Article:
Rationale: Kidney injury is common and associated with worse outcomes in patients with septic shock. Mitochondrial resuscitation with thiamine (vitamin B1) may attenuate septic kidney injury. Objectives: To assess whether thiamine supplementation attenuates kidney injury in septic shock. Methods: The TRPSS (Thiamine for Renal Protection in Septic Shock) trial was a multicenter, randomized, placebo-controlled trial of thiamine versus placebo in septic shock. The primary outcome was change in serum creatinine between enrollment and 72 hours after enrollment. Measurements and Main Results: Eighty-eight patients were enrolled (42 patients received the intervention, and 46 received placebo). There was no significant between-groups difference in creatinine at 72 hours (mean difference, -0.57 mg/dl; 95% confidence interval, -1.18, 0.04; P = 0.07). There was no difference in receipt of kidney replacement therapy (14.3% vs. 21.7%, P = 0.34), acute kidney injury (as defined by stage 3 of the Kidney Disease: Improving Global Outcomes acute kidney injury scale; 54.7% vs. 73.9%, P = 0.07), or mortality (35.7% vs. 54.3%, P = 0.14) between the thiamine and placebo groups. Patients who received thiamine had more ICU-free days (median [interquartile range]: 22.5 [0.0-25.0] vs. 0.0 [0.0-23.0], P < 0.01). In the thiamine-deficient cohort (27.4% of patients), there was no difference in rates of kidney failure (57.1% thiamine vs. 81.5% placebo) or in-hospital mortality (28.6% vs. 68.8%) between groups. Conclusions: In the TRPSS trial, there was no statistically significant difference in the primary outcome of change in creatinine over time. Patients who received thiamine had more ICU-free days, but there was no difference in other secondary outcomes. Clinical trial registered with www.clinicaltrials.gov (NCT03550794).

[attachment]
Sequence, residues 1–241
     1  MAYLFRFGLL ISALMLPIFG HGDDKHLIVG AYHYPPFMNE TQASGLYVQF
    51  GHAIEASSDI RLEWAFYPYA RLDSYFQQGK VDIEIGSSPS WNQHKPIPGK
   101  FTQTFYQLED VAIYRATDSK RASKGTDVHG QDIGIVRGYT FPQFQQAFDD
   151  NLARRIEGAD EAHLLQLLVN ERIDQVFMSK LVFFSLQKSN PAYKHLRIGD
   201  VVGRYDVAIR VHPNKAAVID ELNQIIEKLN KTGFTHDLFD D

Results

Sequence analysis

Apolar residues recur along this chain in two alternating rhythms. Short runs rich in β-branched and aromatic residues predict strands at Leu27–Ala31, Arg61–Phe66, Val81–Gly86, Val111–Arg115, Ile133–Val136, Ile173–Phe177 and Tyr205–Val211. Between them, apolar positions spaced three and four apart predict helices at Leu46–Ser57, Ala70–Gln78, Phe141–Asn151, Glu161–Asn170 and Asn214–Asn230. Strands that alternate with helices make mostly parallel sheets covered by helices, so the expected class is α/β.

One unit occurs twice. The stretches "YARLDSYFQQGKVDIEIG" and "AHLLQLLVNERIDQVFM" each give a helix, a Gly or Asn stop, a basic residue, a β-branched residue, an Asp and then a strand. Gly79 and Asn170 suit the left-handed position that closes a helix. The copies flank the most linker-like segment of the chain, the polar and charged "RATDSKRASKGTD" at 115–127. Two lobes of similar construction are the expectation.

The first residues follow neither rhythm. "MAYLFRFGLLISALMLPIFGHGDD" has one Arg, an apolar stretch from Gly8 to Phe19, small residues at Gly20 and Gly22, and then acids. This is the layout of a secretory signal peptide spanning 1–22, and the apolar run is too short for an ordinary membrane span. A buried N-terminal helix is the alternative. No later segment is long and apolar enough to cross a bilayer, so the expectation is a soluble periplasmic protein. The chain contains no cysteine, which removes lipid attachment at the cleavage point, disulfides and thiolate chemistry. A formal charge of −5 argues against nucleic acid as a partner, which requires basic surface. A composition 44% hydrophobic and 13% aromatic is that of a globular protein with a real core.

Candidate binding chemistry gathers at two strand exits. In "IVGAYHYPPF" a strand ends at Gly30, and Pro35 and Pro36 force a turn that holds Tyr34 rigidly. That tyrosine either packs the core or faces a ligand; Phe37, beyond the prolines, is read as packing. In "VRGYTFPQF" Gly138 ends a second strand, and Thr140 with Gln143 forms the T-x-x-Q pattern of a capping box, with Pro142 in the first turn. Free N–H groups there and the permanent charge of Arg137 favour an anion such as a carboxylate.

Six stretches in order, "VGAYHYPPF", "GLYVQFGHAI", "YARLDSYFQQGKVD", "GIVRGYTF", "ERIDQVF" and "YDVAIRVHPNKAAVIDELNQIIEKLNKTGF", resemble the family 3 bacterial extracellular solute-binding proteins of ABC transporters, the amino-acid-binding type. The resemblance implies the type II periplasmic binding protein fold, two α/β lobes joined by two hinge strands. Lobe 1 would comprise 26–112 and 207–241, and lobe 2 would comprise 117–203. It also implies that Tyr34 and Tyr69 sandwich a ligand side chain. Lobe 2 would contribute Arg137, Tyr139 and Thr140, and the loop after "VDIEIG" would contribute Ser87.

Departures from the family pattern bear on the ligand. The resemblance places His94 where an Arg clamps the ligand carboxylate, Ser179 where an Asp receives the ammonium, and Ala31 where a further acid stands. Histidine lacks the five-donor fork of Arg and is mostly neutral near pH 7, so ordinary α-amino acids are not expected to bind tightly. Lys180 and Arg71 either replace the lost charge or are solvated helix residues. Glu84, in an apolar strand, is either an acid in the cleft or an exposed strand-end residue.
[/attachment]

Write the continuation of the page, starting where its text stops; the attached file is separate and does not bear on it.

Keywords: kidney injury; sepsis; shock; thiamine.